The view on Brazil from economic growth and creditworthiness perspectives has continued to take hits throughout this month, and prospects for improvement appear somewhat dim.
US-based credit ratings agency Moody’s Investors Service changed Brazil’s rating outlook to “negative” from “stable,” though it affirmed the nation’s “Baa2” bond rating for now. The three main factors cited by analysts at Moody’s were as follows: a sustained reduction in economic growth with few signs of a “return to potential” in the coming months, a marked deterioration in investor confidence and its effect on capital formation, and new fiscal challenges that are making government debt reductions increasingly difficult.
Brazil, only a couple of years ago still an economic success story on the global stage, is now considered much more vulnerable than other major nations to “sudden changes in global risk appetite.” Moody’s did compliment Brazil’s resilience to financial shocks through its reserve buffers and the underlying credit benefits that are part-and-parcel with an economy of its size and diversity. Of help, if predictions by the ratings agency and others analysts are true, is that a coming change in political regimes could usher in a more market-friendly business environment, boosting growth potential over its current realistic capabilities.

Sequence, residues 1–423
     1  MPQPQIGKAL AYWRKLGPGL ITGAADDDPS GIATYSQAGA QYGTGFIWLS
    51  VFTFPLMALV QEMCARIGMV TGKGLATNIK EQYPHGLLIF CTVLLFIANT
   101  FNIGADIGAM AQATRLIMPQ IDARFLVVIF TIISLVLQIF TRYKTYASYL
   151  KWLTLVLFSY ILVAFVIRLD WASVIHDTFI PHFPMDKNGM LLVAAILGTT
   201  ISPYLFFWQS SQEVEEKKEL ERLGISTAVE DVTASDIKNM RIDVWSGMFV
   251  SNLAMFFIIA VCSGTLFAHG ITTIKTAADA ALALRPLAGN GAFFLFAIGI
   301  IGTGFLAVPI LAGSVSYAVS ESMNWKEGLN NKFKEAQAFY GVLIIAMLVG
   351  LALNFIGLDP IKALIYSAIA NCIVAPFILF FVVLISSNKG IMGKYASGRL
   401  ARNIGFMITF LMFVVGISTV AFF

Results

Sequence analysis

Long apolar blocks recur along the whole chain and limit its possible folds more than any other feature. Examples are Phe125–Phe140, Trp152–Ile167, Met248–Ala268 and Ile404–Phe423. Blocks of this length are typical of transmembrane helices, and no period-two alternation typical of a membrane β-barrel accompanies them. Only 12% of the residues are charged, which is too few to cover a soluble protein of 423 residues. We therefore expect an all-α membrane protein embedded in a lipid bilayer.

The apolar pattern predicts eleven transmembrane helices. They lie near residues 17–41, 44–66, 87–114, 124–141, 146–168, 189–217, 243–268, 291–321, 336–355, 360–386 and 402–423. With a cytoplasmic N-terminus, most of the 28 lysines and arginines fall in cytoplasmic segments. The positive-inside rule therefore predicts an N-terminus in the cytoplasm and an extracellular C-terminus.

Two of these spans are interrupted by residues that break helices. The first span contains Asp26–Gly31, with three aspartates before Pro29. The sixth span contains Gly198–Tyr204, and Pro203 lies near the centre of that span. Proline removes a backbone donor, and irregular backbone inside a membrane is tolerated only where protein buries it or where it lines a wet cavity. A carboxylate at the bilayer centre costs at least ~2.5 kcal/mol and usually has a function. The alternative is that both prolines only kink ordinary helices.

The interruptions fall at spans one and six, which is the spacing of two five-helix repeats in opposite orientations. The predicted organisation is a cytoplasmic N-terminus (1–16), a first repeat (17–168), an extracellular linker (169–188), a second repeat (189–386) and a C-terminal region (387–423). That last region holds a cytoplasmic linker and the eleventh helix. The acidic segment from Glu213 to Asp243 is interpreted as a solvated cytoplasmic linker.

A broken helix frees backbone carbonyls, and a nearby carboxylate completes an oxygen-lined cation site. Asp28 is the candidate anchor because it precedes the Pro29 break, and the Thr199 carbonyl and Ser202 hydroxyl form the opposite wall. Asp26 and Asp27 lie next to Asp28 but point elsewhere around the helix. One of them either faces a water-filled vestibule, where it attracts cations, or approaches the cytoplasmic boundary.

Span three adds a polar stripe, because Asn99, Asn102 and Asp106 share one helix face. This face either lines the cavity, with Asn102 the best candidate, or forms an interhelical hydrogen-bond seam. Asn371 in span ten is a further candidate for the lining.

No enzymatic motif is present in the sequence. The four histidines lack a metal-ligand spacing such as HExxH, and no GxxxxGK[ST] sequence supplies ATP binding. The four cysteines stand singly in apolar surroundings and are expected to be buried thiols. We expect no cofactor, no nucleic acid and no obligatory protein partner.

The Moody’s outlook downgrade came about a week after the HSBC Brazil Services Purchasing Managers’ Index fell to a two-year low of 49.2, in what is become a less rare dip into contraction territory (below 50). “The business expectations index slumped back to the lows of April and May after registering much more favorable levels during the FIFA World Cup, said HSBC Chief Economist for Brazil Andre Loes. And despite an sizable increase in the HSBC Brazil Manufacturing PMI to 50.2 in August, “new orders remain flat relative to the last month, suggesting that the outlook for the sector remains weak,” Loes noted.
- Brian Shappell, CBA, CICP, NACM staff writer